When installing the engine in the engine port, if the engine is offset to the starboard side and you tilt it just a little as it goes in, you will snap off the gear select lever, which is just a piece of plastic press fitted to a short metal shaft. I installed vice grips on the gear select shaft (which will rotate out of the way if pressed upward) and that has worked fine for two years.

    I leave the engine in the water - after calculating that a new engine is cheaper than either back surgery or contraptions like a lifting davit. The drive shaft has survived two years of immersion in salt water!

    If you find the engine deflects water into the engine compartment while under way due to it tilting in the water flow, attach anchor chain around the drive shaft that's fastened to the engine port. If the engine climbs up the mounting board, install a piece of aluminum bar stock across the outer forward top of the engine port to prevent the mounting plate from climbing. Those mods made peace between me and the engine.
    Last edited by pbryant; 09-19-2012 at 04:40 PM.

  6. #51
    Join Date
    Nov 2012
    Location
    Annapolis
    Posts
    21
    I just purchased a tohatsu 20" sailmaster. Fingers crossed! Ill report back when I have used it a few times. It seemed to be the best deal, and it will charge batteries while running. I see the 20" version of the sailmaster was not offered in the nissan badge. If they are the same engine, I wonder why it is available in one brand and not the other?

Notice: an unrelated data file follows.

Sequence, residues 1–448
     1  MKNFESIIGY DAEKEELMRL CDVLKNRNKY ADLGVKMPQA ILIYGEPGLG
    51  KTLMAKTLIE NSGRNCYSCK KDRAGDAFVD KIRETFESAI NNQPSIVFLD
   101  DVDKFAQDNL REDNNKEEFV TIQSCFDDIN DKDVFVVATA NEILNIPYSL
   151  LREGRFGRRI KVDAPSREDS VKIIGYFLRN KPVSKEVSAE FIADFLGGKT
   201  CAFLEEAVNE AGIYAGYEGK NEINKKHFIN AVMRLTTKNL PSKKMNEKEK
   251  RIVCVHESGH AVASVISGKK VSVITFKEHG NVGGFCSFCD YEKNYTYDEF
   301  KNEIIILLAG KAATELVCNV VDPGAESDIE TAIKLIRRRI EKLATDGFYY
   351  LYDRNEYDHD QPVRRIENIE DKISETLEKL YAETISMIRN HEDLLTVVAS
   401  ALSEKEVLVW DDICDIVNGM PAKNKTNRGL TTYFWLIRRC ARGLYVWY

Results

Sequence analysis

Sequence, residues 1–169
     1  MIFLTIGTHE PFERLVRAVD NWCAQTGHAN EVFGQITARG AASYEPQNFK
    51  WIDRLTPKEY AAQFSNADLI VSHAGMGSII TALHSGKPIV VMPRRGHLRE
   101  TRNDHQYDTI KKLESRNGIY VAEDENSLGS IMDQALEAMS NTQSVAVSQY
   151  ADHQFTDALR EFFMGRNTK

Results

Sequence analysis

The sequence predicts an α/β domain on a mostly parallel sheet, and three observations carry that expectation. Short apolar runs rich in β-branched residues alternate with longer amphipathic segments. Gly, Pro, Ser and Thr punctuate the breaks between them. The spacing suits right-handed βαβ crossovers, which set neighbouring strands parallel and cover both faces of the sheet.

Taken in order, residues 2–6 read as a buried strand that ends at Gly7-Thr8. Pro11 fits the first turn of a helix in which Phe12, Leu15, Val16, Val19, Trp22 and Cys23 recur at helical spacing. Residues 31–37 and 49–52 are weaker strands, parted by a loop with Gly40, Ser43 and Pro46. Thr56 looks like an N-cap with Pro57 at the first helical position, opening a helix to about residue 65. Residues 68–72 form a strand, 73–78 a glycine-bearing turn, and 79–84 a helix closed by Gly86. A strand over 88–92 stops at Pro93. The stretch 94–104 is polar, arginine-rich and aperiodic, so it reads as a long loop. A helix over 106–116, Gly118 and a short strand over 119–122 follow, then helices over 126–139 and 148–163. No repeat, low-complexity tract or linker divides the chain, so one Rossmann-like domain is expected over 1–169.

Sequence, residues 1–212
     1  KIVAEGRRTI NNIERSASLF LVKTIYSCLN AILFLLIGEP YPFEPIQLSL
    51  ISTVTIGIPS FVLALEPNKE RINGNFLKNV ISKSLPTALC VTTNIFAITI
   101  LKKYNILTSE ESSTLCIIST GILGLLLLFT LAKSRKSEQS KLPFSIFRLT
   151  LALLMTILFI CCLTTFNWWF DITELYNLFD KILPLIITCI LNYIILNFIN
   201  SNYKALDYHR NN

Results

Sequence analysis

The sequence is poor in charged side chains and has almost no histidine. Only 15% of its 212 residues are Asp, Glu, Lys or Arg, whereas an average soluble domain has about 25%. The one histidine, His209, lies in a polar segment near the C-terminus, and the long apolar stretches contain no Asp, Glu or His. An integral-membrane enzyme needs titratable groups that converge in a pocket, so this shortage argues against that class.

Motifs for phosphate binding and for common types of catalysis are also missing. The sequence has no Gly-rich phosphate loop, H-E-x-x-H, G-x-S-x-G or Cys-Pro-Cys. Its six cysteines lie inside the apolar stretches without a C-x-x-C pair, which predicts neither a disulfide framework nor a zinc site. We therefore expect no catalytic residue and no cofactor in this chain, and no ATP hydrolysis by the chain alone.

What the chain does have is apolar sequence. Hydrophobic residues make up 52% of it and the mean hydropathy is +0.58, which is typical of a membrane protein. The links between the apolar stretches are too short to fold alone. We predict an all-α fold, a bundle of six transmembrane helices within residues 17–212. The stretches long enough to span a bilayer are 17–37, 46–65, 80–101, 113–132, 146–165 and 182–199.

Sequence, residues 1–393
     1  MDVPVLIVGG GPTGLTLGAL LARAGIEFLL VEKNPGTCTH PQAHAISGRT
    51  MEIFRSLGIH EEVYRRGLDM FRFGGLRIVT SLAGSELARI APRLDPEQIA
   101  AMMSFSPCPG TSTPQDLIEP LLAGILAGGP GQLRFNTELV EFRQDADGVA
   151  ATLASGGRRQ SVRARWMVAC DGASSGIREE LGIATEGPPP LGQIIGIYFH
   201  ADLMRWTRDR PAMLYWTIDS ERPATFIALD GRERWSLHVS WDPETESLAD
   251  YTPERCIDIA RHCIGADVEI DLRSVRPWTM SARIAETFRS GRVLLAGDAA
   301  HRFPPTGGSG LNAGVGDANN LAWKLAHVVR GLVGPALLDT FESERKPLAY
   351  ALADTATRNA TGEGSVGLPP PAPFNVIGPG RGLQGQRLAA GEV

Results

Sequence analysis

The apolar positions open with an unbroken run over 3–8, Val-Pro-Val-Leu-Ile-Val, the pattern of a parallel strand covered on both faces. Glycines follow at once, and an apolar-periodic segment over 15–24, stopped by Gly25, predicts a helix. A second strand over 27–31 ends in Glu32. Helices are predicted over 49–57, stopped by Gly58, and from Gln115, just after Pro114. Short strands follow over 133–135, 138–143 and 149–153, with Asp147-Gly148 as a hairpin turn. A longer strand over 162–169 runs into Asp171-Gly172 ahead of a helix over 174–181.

To those that already own this engine, how good is the charging system using basic necessities? Example, vhf, gps, led cabin lights, anchor light.
    Dulce et Decorum Est

  7. #52
    Join Date
    Nov 2010
    Location
    Sunnyvale, CA
    Posts
    102
    > To those that already own this engine, how good is the charging system using basic necessities? Example, vhf, gps, led cabin lights, anchor light.
    Beware: the output is unregulated half-wave (uni-polarity) AC. If you look at the output of a typical outboard generator on an oscilloscope, it's half wave pulses that peak around 18 volts. Unless that model is more sophisticated than most - the generator is intended to power incandescent running lights on a skiff that's underway at night - not sensitive electronics like radios and GPS receivers. Incandescent bulbs are rather insensitive to the non-uniform current, and their filaments stay hot when the voltage dips to zero for tens of milliseconds at a time (which is why they work as well on AC as DC current).

    LED lights that are rated to handle 24 volts or more (most these days have regulators to allow dual 12/24 volt power) will probably tolerate the spiky voltage, but you won't like the flicker you'll get at low RPMs, without a battery to smooth the voltage. For powering ONLY LED lights (not electronics) you could use an electrolytic capacitor in place of a battery to stop the flickering, but to be effective at low RPMs, it would have to be huge.